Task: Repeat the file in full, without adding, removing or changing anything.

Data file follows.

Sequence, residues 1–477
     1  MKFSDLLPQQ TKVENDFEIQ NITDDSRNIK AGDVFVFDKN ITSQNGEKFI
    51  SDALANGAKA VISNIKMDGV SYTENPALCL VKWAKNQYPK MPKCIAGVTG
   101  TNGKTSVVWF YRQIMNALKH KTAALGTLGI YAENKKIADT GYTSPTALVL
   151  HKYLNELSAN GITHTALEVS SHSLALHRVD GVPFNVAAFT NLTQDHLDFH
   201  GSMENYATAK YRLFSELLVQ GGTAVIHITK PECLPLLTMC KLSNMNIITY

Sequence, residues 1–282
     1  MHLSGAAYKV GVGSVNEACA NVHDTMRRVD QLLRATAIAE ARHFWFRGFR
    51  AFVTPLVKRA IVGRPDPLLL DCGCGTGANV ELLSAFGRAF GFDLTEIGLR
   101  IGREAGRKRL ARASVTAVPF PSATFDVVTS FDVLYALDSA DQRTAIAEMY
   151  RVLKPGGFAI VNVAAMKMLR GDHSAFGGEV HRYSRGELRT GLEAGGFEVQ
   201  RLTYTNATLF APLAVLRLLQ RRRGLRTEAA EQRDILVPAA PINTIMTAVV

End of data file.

Sequence, residues 1–477
     1  MKFSDLLPQQ TKVENDFEIQ NITDDSRNIK AGDVFVFDKN ITSQNGEKFI
    51  SDALANGAKA VISNIKMDGV SYTENPALCL VKWAKNQYPK MPKCIAGVTG
   101  TNGKTSVVWF YRQIMNALKH KTAALGTLGI YAENKKIADT GYTSPTALVL
   151  HKYLNELSAN GITHTALEVS SHSLALHRVD GVPFNVAAFT NLTQDHLDFH
   201  GSMENYATAK YRLFSELLVQ GGTAVIHITK PECLPLLTMC KLSNMNIITY

Sequence, residues 1–282
     1  MHLSGAAYKV GVGSVNEACA NVHDTMRRVD QLLRATAIAE ARHFWFRGFR
    51  AFVTPLVKRA IVGRPDPLLL DCGCGTGANV ELLSAFGRAF GFDLTEIGLR
   101  IGREAGRKRL ARASVTAVPF PSATFDVVTS FDVLYALDSA DQRTAIAEMY
   151  RVLKPGGFAI VNVAAMKMLR GDHSAFGGEV HRYSRGELRT GLEAGGFEVQ
   201  RLTYTNATLF APLAVLRLLQ RRRGLRTEAA EQRDILVPAA PINTIMTAVV